Norman Kings of Sicily and the Rise of the Anti-Islamic Critique: Baptized Sultans by Joshua C. Birk. How and why the Norman rulers of 11th and 12th century Sicily, who were Christians, came to depend on their Muslim subjects to project and enforce their power.
The Normans in Sicily by John Julius Norwich. This volume is made up of two works, The Normans in the South 1016-1130 and The Kingdom in the Sun 1130-1194.
In the Shadow of Vesuvius by Jordan Lancaster. Cultural history of Naples from ancient to modern times.
The New Solomon: Robert of Naples (1309-1343) and Fourteenth-Century Kingship by Samantha Kelly. Analyzes Robert of Naples' policies and image in the context of larger shifts in rulership from the Middle Ages to the early modern period.
From She-Wolf to Martyr: The Reign and Disputed Reputation of Johanna I of Naples by Elizabeth Casteen. In 1343 a 17-year-old girl named Johanna ascended the Neapolitan throne. She reigned for nearly 40 years, becoming the most notorious woman in Europe.
The Lady Queen: The Notorious Reign of Joanna I, Queen of Naples, Jerusalem, and Sicily by Nancy Goldstone. On March 15, 1348, Joanna I stood trial for her life before the Pope. Her husband, Prince Andrew of Hungary, had recently been murdered, and Joanna was the chief suspect. More than 30 years later, she was herself murdered. The only female monarch in her time to rule in her own name, she was notorious but also widely admired.
The Anjou Bible: A Royal Manuscript Revealed. Naples 1340 edited by J Van der Stock and L. Watteeuw. After Joanna of Anjou became heir to the kings of Naples and Sicily, her grandfather, Robert I, gave her a precious gift: the Anjou Bible. In addition to Bible texts, it contains a wealth of historical information about the Kingdom of Anjou. This illustrated book book contains all the illuminated folios of the Anjou Bible, along with essays in English about the bible and how the arts were promoted at the court of Robert I.
The Good King: Rene of Anjou and 15th Century Europe by Margaret L. Kekewich. The first serious political biography of René I of Anjou in English. His court rivalled Burgundy in rich artistic culture, and his claim to the kingdom of Naples led to enormous changes in Southern Europe. Includes rare illustrations and an Anjou family tree.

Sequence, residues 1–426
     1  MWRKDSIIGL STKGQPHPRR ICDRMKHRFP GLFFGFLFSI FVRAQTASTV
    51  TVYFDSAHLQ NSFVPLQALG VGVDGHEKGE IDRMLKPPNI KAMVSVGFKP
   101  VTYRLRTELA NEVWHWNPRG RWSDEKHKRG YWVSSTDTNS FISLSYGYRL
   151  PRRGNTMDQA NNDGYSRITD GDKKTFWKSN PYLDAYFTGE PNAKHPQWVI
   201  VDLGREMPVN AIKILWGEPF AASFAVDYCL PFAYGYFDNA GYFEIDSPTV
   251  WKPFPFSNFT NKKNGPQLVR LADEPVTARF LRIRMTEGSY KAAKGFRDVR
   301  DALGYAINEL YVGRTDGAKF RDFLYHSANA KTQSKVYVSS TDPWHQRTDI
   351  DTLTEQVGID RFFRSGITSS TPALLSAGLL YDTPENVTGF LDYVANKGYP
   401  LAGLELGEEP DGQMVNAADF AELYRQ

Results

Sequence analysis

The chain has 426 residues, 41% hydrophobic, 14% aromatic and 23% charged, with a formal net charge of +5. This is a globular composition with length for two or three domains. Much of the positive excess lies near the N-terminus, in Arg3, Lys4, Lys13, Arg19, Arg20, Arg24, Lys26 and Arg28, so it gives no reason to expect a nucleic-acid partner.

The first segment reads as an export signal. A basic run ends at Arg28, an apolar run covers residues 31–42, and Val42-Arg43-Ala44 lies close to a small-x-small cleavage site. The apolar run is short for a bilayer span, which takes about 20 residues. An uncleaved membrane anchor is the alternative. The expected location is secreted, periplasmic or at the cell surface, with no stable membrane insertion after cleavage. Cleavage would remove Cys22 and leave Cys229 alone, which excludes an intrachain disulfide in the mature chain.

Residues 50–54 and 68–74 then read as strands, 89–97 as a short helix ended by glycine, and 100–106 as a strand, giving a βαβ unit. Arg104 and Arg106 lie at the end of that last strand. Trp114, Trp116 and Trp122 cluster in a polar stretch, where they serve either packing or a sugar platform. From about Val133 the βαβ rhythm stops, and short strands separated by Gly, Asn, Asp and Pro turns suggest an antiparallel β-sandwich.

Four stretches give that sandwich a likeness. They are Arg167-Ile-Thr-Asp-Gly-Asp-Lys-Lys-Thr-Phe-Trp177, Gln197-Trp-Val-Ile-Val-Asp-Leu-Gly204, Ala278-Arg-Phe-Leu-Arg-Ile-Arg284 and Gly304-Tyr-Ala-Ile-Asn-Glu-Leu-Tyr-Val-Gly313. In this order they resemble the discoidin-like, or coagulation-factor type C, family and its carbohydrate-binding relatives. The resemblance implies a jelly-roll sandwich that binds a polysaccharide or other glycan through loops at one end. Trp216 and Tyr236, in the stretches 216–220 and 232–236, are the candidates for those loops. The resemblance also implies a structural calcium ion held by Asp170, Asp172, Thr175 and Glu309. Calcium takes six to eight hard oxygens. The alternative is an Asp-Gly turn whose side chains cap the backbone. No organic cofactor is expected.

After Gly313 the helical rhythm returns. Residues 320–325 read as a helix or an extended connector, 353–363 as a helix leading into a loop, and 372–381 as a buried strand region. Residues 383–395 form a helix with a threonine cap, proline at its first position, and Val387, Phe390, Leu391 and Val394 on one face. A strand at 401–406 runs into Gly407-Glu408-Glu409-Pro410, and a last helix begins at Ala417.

The Stones of Naples: Church Building in the Angevin Kingdom, 1266-1343 by Caroline Bruzelius. The architectural legacy of the Angevins, three generations of French kings who reigned in southern Italy from 1266 to 1343, is little known today. This book examines Angevin religious architecture.
16th Century - 19th Century
The Cost of Empire: The Finances of the Kingdom of Naples in the Time of Spanish Rule by Antonio Calabria. Focuses on the period from the mid-16th century to the time of the Thirty Years' War.
Representing the King's Splendour by Gabriel Guarino. Communication and reception of symbolic forms of power in viceregal Naples in the 17th century.
The Diary of Queen Maria Carolina of Naples, 1781-1785: New Evidence of Queenship at Court by Cinzia Recca. This book focuses on the political influence that Queen Maria Carolina wielded beside her husband, King Ferdinand IV.
Naples in the Eighteenth Century: The Birth of and Death of a Nation edited by Girolamo Imbruglia. In 1734 the kingdom of Naples became an independent monarchy, but in 1799 a Jacobin revolution transformed it briefly into a republic. This collection of essays addresses a range of issues in the city's history.
The History of the Kingdom of Naples: From the Accession of Charles of Bourbon to the Death of Ferdinand I by Pietro Colletta. History of Naples from 1734 to 1825. The author, a Neapolitan by birth, was involved in many of the most important events of the time. Two-volume set. (Very expensive.)
The Bourbons of Naples: 1734-1825 by Harold Acton. Before the unification of Italy in 1870, Naples was the capital of the largest of the separate Italian kingdoms. This book discusses the ruling European dynasty, the Bourbons of Naples, founded by Charles, son of King Philip V of Spain.
Naples and Napoleon: Southern Italy and the European Revolutions, 1780-1860 by John. A. Davis. Takes the Kingdom of the Two Sicilies as the vantage point for a sweeping reconsideration of Italy's history in the age of Napoleon.
Land and Power in Late Medieval Ferrara: The Rule of the Este, 1350-1450 by Trevor Dean. Examines political feudalism in the relations between the Este family and their supporters, the place of the court in Ferrarese noble society, and the violent imposition of Este authority over the powerful nobles of the Apennine hills.
Herculean Ferrara: Ercole d'Este and the Invention of a Ducal Capital by Thomas Tuohy. Ercole D'Este (Ercole I) was duke of Ferrara from 1471 to 1505.
The House of Medici: Its Rise and Fall by Christopher Hibbert. Delves into the lives of the Medici family, whose self-indulgence and dalliances led to self-destruction.
The Family Medici: The Hidden History of the Medici Dynasty by Mary Hollingsworth. Argues that the Medici were devious and immoral tyrants, loathed in the city they illegally made their own.
Florence and the Medici by J.R. Hale. Study of the causes and nature of Medici power of patronage in the periods of Cosimo and Lorenzo, and the period of the Grand Dukes.
Magnifico: The Brilliant Life and Violent Times of Lorenzo de' Medici by Miles J. Unger. Biography of Lorenzo de' Medici, uncrowned ruler of Florence during its golden age. He was the foremost patron of his day, a renowned poet, and the leading statesman of the age.